How to Travel with Eurostar, the Most Convenient Train in Europe
Here’s how to travel Europe like a pro.
We get it: Planning a multi-city trip anywhere outside of America can be a little bit daunting. Many of us are used to jumping in a car and hitting the wide-open road when it comes to towns within a one-state radius. It’s a fabulous excuse to load up on road trip snacks. But when it comes to overseas travel there are a bunch of add-ons to consider, even for an area of land smaller than Texas: passports, languages, and gulp, public transit. In Europe, public transit is totally the norm, and many go without cars in their daily lives. So how do the masses travel short distances, between Paris and London, or Brussels and Amsterdam, without flying or taking a ferry? They take the train—Eurostar, to be specific.
Eurostar is the most frequented high-speed train service in the region and the only one that directly links the UK to France, Belgium, and the Netherlands via the Channel Tunnel. It’s wildly popular, but if you haven’t heard of it before, fear not. Here, we present everything you need to know about the Eurostar, so that you can hop countries like a pro.
What is Eurostar?
Eurostar is a high-speed train service and both the fastest and most convenient way to get between the UK and France, Belgium, and the Netherlands. It zooms right into the heart of each destination city and has been doing so since it was launched in 1994 by Queen Elizabeth II and then French President François Mitterrand. Think Amtrak—only faster, smoother, nicer, and it can travel under the sea.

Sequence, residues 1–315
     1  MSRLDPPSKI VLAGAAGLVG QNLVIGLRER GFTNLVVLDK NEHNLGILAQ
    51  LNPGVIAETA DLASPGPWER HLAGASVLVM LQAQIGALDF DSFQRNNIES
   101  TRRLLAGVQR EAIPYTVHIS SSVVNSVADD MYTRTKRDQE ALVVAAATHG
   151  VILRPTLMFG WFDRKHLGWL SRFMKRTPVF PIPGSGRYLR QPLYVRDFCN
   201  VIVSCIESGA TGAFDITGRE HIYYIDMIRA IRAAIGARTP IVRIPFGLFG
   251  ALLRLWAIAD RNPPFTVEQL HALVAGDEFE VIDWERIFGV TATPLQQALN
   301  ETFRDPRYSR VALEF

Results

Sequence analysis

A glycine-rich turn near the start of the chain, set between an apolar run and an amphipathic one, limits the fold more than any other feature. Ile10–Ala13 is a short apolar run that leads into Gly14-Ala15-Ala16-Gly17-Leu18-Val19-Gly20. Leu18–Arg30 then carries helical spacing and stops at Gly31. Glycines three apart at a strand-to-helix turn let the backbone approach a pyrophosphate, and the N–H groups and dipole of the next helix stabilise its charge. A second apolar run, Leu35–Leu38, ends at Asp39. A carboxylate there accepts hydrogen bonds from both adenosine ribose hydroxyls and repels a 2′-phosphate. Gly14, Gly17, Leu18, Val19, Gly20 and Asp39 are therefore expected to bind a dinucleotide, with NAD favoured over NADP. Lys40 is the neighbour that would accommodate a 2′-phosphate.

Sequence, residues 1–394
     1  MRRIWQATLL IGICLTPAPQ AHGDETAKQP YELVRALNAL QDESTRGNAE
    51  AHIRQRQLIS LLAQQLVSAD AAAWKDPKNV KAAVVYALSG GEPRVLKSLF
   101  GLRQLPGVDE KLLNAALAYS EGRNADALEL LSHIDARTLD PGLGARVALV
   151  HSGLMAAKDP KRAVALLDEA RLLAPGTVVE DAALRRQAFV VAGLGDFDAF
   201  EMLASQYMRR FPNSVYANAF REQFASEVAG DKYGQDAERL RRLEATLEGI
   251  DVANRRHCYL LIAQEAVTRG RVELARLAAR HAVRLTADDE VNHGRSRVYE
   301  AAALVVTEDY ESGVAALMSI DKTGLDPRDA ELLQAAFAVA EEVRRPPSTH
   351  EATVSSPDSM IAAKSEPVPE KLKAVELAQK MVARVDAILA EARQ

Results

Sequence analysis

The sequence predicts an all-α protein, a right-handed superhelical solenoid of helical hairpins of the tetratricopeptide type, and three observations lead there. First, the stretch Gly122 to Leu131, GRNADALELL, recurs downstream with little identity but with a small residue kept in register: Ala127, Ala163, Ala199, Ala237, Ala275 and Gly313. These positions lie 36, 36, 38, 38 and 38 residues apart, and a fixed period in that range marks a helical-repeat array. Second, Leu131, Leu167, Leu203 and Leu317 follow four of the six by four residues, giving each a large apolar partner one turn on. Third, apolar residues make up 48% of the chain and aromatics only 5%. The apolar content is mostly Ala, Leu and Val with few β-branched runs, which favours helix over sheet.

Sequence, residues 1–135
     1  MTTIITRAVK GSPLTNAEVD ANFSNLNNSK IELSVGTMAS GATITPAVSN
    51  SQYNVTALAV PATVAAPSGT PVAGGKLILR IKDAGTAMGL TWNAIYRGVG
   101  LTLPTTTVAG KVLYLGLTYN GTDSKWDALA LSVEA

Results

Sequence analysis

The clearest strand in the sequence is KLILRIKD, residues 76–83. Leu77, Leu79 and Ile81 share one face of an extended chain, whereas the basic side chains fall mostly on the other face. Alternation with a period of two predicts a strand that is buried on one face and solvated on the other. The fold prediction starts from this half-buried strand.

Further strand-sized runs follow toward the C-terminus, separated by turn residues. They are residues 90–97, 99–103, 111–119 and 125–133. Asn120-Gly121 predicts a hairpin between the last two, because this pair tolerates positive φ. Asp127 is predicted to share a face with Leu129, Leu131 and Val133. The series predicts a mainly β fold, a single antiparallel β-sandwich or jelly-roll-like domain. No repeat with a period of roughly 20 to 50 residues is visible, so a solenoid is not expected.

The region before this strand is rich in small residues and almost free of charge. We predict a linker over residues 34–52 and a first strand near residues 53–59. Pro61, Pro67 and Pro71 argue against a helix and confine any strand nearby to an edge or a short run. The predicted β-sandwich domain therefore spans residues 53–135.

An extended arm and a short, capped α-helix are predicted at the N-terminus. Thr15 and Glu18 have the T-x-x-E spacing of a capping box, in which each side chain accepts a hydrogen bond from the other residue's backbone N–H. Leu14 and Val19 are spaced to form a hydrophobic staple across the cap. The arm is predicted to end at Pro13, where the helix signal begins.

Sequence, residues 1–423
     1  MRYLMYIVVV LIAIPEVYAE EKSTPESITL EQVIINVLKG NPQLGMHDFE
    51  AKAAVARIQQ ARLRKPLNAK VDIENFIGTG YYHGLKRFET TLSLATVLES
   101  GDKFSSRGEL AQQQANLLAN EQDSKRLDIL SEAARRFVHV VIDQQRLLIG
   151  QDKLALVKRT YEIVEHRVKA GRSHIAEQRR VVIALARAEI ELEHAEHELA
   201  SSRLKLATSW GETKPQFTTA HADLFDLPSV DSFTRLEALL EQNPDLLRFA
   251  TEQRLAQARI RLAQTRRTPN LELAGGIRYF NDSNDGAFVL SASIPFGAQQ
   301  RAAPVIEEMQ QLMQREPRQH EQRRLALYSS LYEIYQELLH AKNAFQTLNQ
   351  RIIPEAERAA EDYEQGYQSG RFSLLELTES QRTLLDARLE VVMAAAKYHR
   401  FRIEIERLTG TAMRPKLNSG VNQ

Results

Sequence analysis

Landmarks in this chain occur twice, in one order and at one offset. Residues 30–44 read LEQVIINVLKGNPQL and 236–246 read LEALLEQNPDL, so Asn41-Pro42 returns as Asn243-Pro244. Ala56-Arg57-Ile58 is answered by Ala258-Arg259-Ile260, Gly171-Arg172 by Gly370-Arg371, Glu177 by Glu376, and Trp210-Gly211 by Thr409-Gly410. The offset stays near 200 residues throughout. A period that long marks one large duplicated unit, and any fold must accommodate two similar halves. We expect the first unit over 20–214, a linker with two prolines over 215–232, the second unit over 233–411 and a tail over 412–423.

The undersea aspect might have you expecting some kind of submarine vessel, but Eurostar is an ordinary train. It travels underwater via the Channel Tunnel, aka the longest undersea tunnel in the world, which runs from Folkestone, UK to Calais, France. It doesn’t take long to traverse by train; you travel between 100 and 186 miles per hour, so you have time for just a small cup of coffee before you’re back on land.
Where does the Eurostar go?
The most popular route is London to Paris, traveling between St Pancras International and Gare du Nord in just over two hours. The service also operates direct routes to Brussels (less than two hours from London), Lille in France (around an hour and a half), and both Rotterdam and Amsterdam in the Netherlands (less than four hours). Disneyland Paris visitors will need to take a connecting train from Lille or Paris to the House of Mouse.
If you wish to take the Eurostar to other areas of Europe, you can make connections to go further afield. For example, those heading from London to Geneva will need to change in Paris and purchase a new ticket from another provider. Those traveling to Cologne, Germany can connect to a Thalys train in Brussels to complete their journey. You’re spoiled for choice!
How do you buy Eurostar tickets?
There are a number of ways to purchase a Eurostar ticket, but the best way is direct, via the Eurostar website. Tickets are available to purchase at stations, but you might find prices get steep if you wait till you’re in Europe and buy them in person at the last minute.